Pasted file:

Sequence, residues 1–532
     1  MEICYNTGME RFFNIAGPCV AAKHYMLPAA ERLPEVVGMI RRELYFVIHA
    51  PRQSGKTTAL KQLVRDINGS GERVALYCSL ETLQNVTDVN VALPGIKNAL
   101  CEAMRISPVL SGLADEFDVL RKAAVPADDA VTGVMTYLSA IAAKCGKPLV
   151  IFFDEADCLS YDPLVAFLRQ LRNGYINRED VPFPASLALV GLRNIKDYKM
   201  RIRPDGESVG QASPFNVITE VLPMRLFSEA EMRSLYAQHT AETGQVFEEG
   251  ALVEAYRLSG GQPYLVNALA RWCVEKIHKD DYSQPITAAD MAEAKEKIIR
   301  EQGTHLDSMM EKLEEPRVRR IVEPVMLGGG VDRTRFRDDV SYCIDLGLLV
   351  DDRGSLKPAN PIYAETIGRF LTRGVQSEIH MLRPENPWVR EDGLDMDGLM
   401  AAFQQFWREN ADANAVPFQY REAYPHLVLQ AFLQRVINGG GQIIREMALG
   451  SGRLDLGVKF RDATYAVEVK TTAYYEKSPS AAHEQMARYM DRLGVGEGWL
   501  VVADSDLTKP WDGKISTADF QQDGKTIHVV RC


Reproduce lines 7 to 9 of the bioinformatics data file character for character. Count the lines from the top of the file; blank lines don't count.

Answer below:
   251  ALVEAYRLSG GQPYLVNALA RWCVEKIHKD DYSQPITAAD MAEAKEKIIR
   301  EQGTHLDSMM EKLEEPRVRR IVEPVMLGGG VDRTRFRDDV SYCIDLGLLV
   351  DDRGSLKPAN PIYAETIGRF LTRGVQSEIH MLRPENPWVR EDGLDMDGLM